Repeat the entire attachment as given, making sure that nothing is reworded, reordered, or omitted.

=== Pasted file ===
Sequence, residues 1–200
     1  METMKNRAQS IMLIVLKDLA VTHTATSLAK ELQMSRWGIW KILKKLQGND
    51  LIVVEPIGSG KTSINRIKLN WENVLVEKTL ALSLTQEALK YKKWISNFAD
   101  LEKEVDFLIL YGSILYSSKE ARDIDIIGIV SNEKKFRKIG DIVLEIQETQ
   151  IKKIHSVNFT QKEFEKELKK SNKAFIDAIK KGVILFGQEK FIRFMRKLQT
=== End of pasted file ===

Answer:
Sequence, residues 1–200
     1  METMKNRAQS IMLIVLKDLA VTHTATSLAK ELQMSRWGIW KILKKLQGND
    51  LIVVEPIGSG KTSINRIKLN WENVLVEKTL ALSLTQEALK YKKWISNFAD
   101  LEKEVDFLIL YGSILYSSKE ARDIDIIGIV SNEKKFRKIG DIVLEIQETQ
   151  IKKIHSVNFT QKEFEKELKK SNKAFIDAIK KGVILFGQEK FIRFMRKLQT